U.S. District Judge Paul Magnuson gave his approval at a hearing Thursday in St. Paul, Minn.
"Target really needs to be commended for being willing to step up," Magnuson said.
The move will allow people to begin filing claims ahead of another hearing for final approval.
People covered by the settlement can file for up to $10,000 with proof of their losses, including lost time dealing with the problem.
A spokeswoman for Target says the class action didn't include people living in Canada.
Company documents say the Minneapolis-based company also faces one Canadian class-action stemming from the breach, which occurred at U.S. stores during the busy U.S. Thanksgiving shopping period.
Target's data breach in 2013 exposed details of as many as 40 million credit and debit card accounts and hurt its holiday sales that year. The company offered free credit monitoring for affected customers and overhauled its security systems.
The settlement would also require Minneapolis-based Target Corp. to appoint a chief information security officer, keep a written information security program and offer security training to its workers. It would be required to maintain a process to monitor for data security events and respond to such events deemed to present a threat.
"We are pleased to see the process moving forward and look forward to its resolution," Target spokeswoman Molly Snyder said in an emailed statement.
The company said in court documents filed in Minnesota that the funds for reimbursements will be kept in an interest bearing escrow account. Claims will mostly be submitted and processed online through a dedicated website.
Vincent Esades, an attorney for Target customers, said after the hearing that the settlement could end up costing Target $25 million, when attorneys fees and administrative costs are added in.
He said consumers will likely be able to start filing claims around April 30, and 100 million people may be eligible. Consumers can claim up to $10,000 if they can document losses; after those claims are paid out, the rest of the settlement funds will be divided among consumers who claim they suffered a loss, but don't have documentation.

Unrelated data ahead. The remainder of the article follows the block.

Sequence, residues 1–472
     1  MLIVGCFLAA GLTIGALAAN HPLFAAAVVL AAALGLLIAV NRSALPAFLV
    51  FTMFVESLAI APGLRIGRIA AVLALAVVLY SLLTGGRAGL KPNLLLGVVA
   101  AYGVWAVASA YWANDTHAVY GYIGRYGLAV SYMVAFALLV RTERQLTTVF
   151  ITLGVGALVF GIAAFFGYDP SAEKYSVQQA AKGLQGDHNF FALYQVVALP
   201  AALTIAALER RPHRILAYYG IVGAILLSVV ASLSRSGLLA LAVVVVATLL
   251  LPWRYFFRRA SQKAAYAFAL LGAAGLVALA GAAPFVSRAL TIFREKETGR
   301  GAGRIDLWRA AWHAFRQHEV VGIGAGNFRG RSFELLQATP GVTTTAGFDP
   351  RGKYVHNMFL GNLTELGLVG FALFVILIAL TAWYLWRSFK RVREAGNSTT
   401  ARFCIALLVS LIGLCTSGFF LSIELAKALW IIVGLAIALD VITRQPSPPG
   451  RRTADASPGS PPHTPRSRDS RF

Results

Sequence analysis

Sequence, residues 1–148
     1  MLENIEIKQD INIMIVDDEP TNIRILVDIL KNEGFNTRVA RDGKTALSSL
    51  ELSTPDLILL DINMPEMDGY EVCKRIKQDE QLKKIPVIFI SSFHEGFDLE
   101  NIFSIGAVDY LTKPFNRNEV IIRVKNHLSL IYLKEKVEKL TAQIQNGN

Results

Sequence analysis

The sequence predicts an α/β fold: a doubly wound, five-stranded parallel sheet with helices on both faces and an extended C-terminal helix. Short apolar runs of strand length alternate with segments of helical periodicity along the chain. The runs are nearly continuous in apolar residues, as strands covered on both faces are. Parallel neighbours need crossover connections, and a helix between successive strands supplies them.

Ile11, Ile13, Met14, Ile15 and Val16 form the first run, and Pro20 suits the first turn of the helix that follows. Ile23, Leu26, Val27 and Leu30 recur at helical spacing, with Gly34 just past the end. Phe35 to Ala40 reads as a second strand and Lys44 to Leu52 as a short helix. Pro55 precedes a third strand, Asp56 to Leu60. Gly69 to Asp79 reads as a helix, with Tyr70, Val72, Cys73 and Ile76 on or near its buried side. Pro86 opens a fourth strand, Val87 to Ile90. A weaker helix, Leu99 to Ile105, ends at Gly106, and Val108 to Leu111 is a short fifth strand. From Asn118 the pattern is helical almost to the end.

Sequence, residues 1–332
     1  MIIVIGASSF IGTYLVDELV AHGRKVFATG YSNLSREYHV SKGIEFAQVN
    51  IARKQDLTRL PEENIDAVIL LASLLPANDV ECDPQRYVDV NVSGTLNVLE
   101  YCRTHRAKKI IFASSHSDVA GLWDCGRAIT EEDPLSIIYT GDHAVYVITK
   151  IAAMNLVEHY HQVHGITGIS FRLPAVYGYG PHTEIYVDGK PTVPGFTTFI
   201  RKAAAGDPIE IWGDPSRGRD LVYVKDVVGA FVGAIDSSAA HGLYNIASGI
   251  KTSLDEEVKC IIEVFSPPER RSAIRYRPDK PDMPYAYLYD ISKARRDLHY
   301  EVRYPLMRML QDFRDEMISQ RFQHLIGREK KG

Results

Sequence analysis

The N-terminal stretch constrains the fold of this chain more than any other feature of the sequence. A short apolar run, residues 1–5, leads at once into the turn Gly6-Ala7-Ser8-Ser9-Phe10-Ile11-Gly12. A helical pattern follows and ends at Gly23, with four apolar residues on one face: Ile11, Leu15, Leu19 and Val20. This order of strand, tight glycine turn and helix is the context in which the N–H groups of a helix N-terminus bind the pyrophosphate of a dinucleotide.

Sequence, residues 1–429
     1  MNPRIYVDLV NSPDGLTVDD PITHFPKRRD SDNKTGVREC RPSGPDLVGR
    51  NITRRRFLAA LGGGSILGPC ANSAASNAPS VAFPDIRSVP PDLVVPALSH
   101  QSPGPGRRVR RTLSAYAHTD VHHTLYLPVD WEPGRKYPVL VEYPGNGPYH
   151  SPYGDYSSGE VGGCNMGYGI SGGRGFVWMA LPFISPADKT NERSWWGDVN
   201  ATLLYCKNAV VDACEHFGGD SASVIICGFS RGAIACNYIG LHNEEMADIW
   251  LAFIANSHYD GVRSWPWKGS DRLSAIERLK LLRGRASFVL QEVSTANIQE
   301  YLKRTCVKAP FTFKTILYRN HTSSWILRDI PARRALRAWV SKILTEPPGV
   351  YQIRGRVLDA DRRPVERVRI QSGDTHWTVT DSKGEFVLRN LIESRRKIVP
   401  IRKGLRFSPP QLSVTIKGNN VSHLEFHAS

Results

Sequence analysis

Esades said customers who opt out of the settlement have the right to appeal.
Target attorney David McDowell declined to comment after the hearing.
The chain has worked hard to lure back customers that were hesitant to shop there after the incident. Over the 2014 holiday season, Target offered free shipping on all items. It recently announced that it was cutting its minimum online purchase to qualify for free shipping in half to $25. And on Wednesday the retailer said it will now allow returns for up to a year for its private and exclusive brands.
Target's bounce back from a turbulent stretch including the data breach and exit from Canada has been met with optimism on Wall Street. The retailer's stock traded above $80 for the first time Monday, reaching another in a string of all-time highs that it began to log just before the crucial holiday shopping season began in December.
Earlier this month, Target said it would lay off about 1,700 people, eliminate another 1,400 unfilled positions and cut up to $2 billion in costs. It will also focus more on technology to boost online sales growth. The latter move will involve about $1 billion aimed at beefing up business from shoppers who are more likely to shop online.
Target shares fell 62 cents to $80.44 in midday trading Thursday. It shares are up 35 per cent over the past year.
Associated Press writer Karnowski contributed from St. Paul, Business Writer Chapman from New York and The Canadian Press from Toronto.